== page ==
Before there was Disneyland, there was Forest Lawn Memorial Park in Glendale.
Prior to the 1955 opening of the Magic Kingdom, “Forest Lawn was the #1 tourist destination for visitors in the Los Angeles area,” writes Douglas Keister, author of “Forever L.A.: A Field Guide to Los Angeles Area Cemeteries & Their Residents” (Gibbs Smith; $19.99).
The Chico photographer, historian and storyteller extraordinaire doesn’t see dead people, but he likes to visit them.
Thankfully, he’s passed on his vast store of cemetery lore to us in “Forever L.A.,” replete with photos and information about the graves of the rich and famous, as well as the 13 cemeteries and their often stunning architecture, sculptures and paintings.
“A hundred years ago, garden cemeteries were a destination,” Keister said in a phone interview. “They were wonderlands that pre-dated public parks. Green-Wood Cemetery in Brooklyn, N.Y., which was the template for Central Park, was the second most popular destination in the U.S. besides Niagara Falls. Then someone said, ‘Maybe we should have a place like this without graves.’”
We also should be thankful for cemeteries, he added, “because they preserve open space. If it weren’t for some cemeteries, there’d be a bunch of office buildings there.”
Keister, who has authored more than three dozen books, many on architecture, has earned the title of America’s most noted photographer of historic architecture and the country’s top expert on cemetery symbolism “only because nobody else is,” he said. “I get calls all the time from New York Times, the Wall Street Journal, and recently I was on ‘CBS Sunday Morning.’”
Keister’s flair for words gives readers wonderful nuggets about cemetery celebs, to be enjoyed even if you never get out of your armchair. Here are a few:
— The inscription on “don’t-get-no-respect” Rodney Dangerfield’s headstone in Westwood Village Memorial Park reads: “There goes the neighborhood.”
— Left-wing political activist Jerry Rubin, buried in Hillside Memorial Park in Culver City, died two weeks after being hit by a car while jaywalking on Wilshire Boulevard. It is ironic that, when a picture of his grave marker was taken, it was embossed with lawnmower tire tracks.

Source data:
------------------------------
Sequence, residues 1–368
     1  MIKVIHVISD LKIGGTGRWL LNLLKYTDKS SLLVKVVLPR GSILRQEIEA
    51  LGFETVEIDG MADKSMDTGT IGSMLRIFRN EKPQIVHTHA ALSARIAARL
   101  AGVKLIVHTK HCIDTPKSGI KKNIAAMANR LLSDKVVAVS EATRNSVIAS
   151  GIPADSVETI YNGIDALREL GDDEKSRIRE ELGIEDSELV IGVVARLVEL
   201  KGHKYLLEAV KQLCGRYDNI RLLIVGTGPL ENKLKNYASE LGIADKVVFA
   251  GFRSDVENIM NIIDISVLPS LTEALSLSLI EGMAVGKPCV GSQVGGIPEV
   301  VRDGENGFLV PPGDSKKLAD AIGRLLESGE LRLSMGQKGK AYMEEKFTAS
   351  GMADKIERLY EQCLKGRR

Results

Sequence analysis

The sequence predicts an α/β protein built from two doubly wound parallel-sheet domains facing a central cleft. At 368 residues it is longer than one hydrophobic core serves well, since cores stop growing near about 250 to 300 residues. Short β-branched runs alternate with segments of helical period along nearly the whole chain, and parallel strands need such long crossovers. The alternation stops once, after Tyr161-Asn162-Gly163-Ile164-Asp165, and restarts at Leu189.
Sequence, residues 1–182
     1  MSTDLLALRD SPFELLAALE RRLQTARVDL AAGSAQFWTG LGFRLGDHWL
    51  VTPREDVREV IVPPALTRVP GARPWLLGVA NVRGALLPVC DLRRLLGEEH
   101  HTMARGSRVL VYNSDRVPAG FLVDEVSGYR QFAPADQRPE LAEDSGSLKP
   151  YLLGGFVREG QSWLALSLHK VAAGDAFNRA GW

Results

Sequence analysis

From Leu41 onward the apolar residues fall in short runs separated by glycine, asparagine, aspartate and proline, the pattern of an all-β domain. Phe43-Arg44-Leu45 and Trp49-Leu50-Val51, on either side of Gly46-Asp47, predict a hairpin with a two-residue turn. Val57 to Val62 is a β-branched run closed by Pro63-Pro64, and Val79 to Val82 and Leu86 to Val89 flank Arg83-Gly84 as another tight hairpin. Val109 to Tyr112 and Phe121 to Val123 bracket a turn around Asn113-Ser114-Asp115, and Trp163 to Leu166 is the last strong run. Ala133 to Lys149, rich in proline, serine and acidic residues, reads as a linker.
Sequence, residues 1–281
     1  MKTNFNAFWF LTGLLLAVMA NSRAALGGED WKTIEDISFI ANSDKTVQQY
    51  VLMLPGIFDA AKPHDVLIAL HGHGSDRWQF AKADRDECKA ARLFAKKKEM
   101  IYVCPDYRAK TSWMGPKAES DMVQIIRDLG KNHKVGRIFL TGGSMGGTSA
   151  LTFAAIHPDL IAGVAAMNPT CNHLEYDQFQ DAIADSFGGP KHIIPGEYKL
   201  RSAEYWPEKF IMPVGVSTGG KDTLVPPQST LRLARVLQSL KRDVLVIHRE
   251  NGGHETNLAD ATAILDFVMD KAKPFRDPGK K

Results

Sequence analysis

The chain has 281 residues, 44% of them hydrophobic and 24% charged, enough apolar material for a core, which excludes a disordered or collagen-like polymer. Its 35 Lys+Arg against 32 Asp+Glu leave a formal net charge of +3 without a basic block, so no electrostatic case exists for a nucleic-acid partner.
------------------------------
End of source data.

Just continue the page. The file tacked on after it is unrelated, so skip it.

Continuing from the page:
— One of Rod Steiger’s most memorable roles was as a mortician (Mr. Joyboy) in the 1965 movie “The Loved One,” which spoofed what proved to be Steiger’s last address: Forest Lawn, Hollywood Hills.
— John Uhler “Jack” Lemmon has one word (in lower case) on his headstone in Westwood Village Memorial Park: in.
— The crypt directly above Marilyn Monroe’s in Westwood Village Memorial Park was purchased from Joe DiMaggio by Richard Freddie Poncher. In accordance with his wishes, he was interred face down. (DiMaggio’s grave is in Colma, Calif., just south of San Francisco.)
“People ask me how did I choose who should be in the book and where,” Keister said, “so that’s why I did the ‘Reprised in Repose’ section of the book.”
In this chapter, the author gathers the stars who worked together in life and in films and shows, even though they may have been laid to rest hundreds of miles apart.
Included are Stan Laurel and Oliver Hardy; George Burns and Gracie Allen; the Three Stooges; and the casts of “It’s a Mad, Mad, Mad, Mad World,” “The Wizard of Oz,” “Our Gang /Little Rascals,” and “Bonanza.”
For techies, a bonus: “L.A. Forever” features GPS points for many of the featured graves.
For convenience: The full-color guide has been published in a handy 5-inch by 9-inch format for easy portability.
With dwindling space, escalating costs and changing attitudes, the death-care industry (that’s what it’s called, Keister said) has gone through some recent changes.
“When cremation came along,” he noted, “cemeteries were really worried; there goes the revenue. But cremation niches have breathed life back into cemeteries.”
On the other hand …
“We boomers all think we’re so unique,” added Keister, 62, “so there has been resurgence of markers, especially with this laser carving. That’s made for a renaissance in cemetery art.”
As for the author/photographer’s plans for the inevitable?
“If I got cremated, I’d like to be in a cemetery with celebrities so maybe someone would come and visit me, even if accidentally.”
The Coast News has been delivering high-quality news, community voice and storytelling since its inception in 1987. Since then, the news organization has grown into a successful newsgroup covering a majority of San Diego’s populous North County region.